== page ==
Directors & Their Liabilities
Meaning of a Director
‘Director’ includes any person occupying the position of a director by whatever name called.” So It is not the name which is important but the position he occupies and the functions and duties he discharges.
A corporation is an artificial being existing only in contemplation of law. It has neither a mind nor a body of its own which it requires to carry out its operations and so here Directors come into the picture and company’s business is entrusted to them as human agents.
Directors are often treated as mind and will of the company.
Also Sec. 252 of Act says that every public company shall have three Directors and every private company shall have two directors.
So Directors in a company play a very vital role. Further we are going to discuss about their position and their liabilities in detail.
Who may be appointed as a Director
Only an individual can be appointed as a director and no association or firm or body corporate can be appointed as a director of a company, as it’s given under Se. 253 of the Companies Act. However, No Company can appoint or reappoint any person as a director of the company unless he has been allotted a Directors Identification Number (DIN). Every individual, intending to be appointed as director of a company shall make an application for allotment of Director Identification Number (DIN) to the Central Government in the prescribed DIN Form. Therefore, all the directors of the proposed company must ensure that they are having DIN and if they are not having DIN, it should be first obtained. Specific care should be taken that a person cannot have more than one DIN, therefore, a DIN once obtained shall serve the requirement for all the companies in which he is a director or intended to be a director.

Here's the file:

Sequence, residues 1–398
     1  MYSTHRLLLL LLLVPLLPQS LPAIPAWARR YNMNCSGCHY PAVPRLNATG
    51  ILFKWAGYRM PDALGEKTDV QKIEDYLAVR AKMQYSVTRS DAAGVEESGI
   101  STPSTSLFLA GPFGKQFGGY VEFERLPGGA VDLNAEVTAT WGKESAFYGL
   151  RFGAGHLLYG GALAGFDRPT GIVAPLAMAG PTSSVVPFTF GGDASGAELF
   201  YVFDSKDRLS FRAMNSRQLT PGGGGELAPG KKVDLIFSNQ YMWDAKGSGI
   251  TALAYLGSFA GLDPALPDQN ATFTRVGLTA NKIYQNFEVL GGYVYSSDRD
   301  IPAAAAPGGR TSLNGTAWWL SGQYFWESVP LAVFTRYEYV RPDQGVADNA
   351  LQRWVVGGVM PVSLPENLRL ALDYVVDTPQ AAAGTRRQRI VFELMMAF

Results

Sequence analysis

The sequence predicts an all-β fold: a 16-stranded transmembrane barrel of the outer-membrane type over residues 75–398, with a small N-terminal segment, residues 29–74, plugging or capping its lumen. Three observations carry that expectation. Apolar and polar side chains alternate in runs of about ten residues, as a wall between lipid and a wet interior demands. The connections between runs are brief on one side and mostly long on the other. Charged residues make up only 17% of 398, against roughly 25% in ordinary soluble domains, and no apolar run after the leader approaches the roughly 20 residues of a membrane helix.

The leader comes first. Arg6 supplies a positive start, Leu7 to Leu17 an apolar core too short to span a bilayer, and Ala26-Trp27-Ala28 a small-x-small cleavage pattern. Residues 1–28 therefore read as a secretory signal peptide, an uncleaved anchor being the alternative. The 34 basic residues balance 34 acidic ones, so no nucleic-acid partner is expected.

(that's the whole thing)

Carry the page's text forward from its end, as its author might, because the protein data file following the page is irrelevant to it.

Position of Directors
Directors are professional men hired by the company to direct its affairs. They are not the servants of a company rather they are the officers who manage everything in the company unlikely to the shareholders who are the owners of the company. A director may also work as an employee in different capacity.
They can also work sometimes as agents, sometimes as trustees and sometimes as managing partners. But each of these expressions is used not as exhaustive of their powers and responsibilities, but as indicating useful points of view from which they may for the moment and for the particular purpose, be considered.”
Director as Agents
The general principles of agency, govern the relations of directors with the company and of persons dealing with the company through its directors. So whenever the director contracts on behalf of the company with the third parties, it’s the company who’ll be made liable on it and not the directors.
Directors as Trustees
Although directors are not properly speaking trustees, yet they have always been considered as trustees of companies assets over which they exercise control. They shall exercise their powers honestly in the interest of the company and the shareholders, and not for their own personal advantage. And if they misuse their power they could be rendered liable as trustees and in the case of his death, even his legal representatives could be made liable for it.
Directors as managing Partners